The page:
Petitions have an important place in human history as the tool that has often been the only voice of marginalized people. They can be found across many cultures and regions throughout time, with their start dating back to Ancient Egypt, where slaves often tried to petition for better working conditions. The practice of petitioning has inevitably changed throughout history, most drastically in recent years with the proliferation of technology into all practices of life. We no longer write a bunch of hieroglyphs in papyrus, but we rather click on the link our friend shared on Facebook (most likely a Change.org petition) and fill in our information.
Quick and Easy! Yay, Right?!?
Is this easy-peasy-lemon-squeezy way of signing petitions really an adequate process to digitalize such an important practice?
Or is it yet another opportunity for Data Giants to gather massive amounts of personal data to sell out?🤔
While the ease of signing a petition one wants to support with just one click sounds very efficient and appealing, Human history has proven over and over again that the most appealing way might not always be the safest way. I wanna bring back that petition your friend shared on Facebook earlier, because there we already find one of the bad guys:
In 2018, the Facebook-Cambridge Analytica scandal occurred, and to save you some research here’s a short summary: Millions of Facebook users had their personalized data taken without consent by Cambridge Analytica. This data was sold to political campaigns which allowed politicians to skew political advertising in their favour by relying on the supposedly ‘protected’ data of the users / citizens.
Now some might say, “Well, if they have my personal data, they can give me more advertising that I want which is a good thing, no?”
Yes, if the world were perfect, maybe a bit of personal data wouldn’t hurt anyone, but we don’t. Personal data can comprise a lot things, and when someone knows how you feel, they know what to say so you will listen.
The possibilities that emerge with these masses of data bring into play an important aspect when talking about Data Gathering, which is Data Protection, a key stone in safeguarding the Digital Rights of Individuals. As much as we catch up with everyday technology, if the same does not happen to our Legislative Procedures and Rights, we will be at the mercy of the highest bidder at some point. We will only be shown, what they want to show us (pretty Orwellian tbh).
But what can we do?
There aren’t a lot of ways for individuals to go against giant digital conglomerates, but there are individual practices that can contribute to a safer managing of our data:
- Inform yourself and others about the Digital Rights you currently have (example. GDPR)
- Research a company’s / webpage’s past with handling personal data before authorizing its usages
- Support Data Protection Movements (Voting for better Data Protection, Sharing Infographics on Cybersecurity, etc.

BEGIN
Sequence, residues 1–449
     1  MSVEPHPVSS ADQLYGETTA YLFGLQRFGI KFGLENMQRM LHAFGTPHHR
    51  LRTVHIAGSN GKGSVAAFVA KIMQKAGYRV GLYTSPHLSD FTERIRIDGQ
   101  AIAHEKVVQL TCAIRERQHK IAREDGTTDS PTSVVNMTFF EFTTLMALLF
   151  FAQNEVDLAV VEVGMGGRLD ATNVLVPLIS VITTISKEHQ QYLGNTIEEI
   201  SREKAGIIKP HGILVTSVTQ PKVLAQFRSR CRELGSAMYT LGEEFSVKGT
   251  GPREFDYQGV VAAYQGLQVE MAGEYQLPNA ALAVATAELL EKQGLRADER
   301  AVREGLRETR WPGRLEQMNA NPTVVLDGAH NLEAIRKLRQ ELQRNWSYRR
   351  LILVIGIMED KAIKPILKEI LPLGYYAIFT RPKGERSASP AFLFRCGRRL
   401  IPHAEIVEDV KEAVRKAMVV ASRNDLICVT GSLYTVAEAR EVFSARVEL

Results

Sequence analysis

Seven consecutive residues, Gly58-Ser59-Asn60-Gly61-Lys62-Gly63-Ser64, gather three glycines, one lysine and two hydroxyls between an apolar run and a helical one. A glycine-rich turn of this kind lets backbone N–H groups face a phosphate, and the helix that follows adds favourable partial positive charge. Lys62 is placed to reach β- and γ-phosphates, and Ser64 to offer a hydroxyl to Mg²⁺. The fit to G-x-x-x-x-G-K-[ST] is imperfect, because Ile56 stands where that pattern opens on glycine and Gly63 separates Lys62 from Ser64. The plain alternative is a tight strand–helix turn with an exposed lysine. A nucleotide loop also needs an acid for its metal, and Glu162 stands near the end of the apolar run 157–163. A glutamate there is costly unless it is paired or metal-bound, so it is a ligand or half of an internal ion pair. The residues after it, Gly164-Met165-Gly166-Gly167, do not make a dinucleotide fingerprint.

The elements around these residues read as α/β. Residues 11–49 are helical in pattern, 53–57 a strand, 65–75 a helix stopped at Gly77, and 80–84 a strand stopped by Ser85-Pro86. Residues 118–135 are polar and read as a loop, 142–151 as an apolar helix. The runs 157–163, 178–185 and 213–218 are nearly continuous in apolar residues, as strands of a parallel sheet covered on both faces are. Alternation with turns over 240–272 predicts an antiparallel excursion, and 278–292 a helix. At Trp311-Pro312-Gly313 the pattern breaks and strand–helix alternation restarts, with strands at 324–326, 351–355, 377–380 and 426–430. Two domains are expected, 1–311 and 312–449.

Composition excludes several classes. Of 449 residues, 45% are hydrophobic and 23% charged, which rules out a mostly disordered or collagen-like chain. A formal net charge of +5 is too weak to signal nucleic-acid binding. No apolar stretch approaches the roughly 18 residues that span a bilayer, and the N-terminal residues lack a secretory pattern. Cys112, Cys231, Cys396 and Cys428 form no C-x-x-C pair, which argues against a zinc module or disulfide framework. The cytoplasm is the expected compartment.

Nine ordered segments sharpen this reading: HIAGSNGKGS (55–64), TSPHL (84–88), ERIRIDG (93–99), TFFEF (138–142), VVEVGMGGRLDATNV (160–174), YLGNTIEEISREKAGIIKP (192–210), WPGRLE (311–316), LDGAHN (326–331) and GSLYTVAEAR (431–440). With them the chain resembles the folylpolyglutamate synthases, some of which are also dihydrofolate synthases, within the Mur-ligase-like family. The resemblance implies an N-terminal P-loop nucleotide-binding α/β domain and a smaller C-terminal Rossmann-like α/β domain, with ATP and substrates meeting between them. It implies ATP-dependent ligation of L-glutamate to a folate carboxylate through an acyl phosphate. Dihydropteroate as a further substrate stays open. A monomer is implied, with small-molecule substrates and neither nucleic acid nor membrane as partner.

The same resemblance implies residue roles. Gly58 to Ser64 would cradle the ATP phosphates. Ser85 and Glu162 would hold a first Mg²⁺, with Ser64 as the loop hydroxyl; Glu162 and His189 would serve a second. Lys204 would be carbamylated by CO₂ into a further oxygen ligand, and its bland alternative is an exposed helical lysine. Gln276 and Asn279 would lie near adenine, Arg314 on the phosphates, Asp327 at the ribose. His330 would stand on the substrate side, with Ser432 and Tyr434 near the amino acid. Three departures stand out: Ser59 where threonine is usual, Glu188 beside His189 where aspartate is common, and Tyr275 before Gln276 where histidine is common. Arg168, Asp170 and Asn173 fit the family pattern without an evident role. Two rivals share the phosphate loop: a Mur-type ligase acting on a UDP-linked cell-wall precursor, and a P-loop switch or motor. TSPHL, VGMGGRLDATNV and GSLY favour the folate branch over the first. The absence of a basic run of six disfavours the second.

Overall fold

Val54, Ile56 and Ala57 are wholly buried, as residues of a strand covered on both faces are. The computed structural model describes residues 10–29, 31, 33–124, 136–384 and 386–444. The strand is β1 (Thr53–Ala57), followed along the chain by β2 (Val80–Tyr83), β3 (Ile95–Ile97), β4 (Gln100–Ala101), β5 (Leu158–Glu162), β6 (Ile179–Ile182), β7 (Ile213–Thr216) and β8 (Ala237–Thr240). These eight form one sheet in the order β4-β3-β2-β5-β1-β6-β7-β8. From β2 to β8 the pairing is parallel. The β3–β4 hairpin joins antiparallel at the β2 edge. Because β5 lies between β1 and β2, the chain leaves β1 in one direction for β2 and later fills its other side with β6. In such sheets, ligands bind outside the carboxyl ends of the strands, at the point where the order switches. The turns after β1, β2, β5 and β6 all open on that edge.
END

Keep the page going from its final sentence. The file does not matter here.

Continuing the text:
General rule of thumb for more information: Google stuff as if your life depended on it.
Also, if you have time to sign some petitions, please do so! 🙂
Indeed an interesting piece, the change.org petitions must’ve shown up on anyone’s social media feed once or twice. It’s good to be aware of the consequences of entering your data in on a petition website. Imagining that this potentially sensitive data might come in the hands of advertisers might be considered disturbing.
I’m interested as well on the site you left us with, https://issuesintheworld.carrd.co/ links to many various topics from around the world, those again link further to other petitions, some of which are from change.org. Don’t you think a site like this might make it harder to critically look at the petitions one is signing? Who actually made this website also seems unclear on itself?
Thank you for your insightful piece! It made me think more deeply about the online petition signing!
Very nice blog! I actually despise how change.org works, I always have to share the petition on a social platform before singing it, and I don’t want to do that which ultimately makes me lose my interest in signing the petition. I understand that it will help the petition receive more visibility but I also think that for every person that doesn’t share there are three that do, maybe because they want their ‘friends’ to think they care about stuff or maybe because they’re genuinely involved. Nevertheless, apart from my rant about change.org, I do indeed think this is a nice blog and could actually teach people some skills on how to stay protected online in a simple, engaging, and funny way.
Also, has a change.org. petition ever directly lead to a change?
Hey Kevin, great post! You summarize the issue in such a concise way, back up your claims and infuse humor, which makes it both insightful and fun to read. I also find it problematic that you sign petitions you’re not very passionate about, just because someone sent you a link on Facebook, and you end up not knowing if the petition actually led to any positive change. It’s a very passive form of “activism”… and like you said, have no idea what they’re doing with that data. Thanks for sharing this:)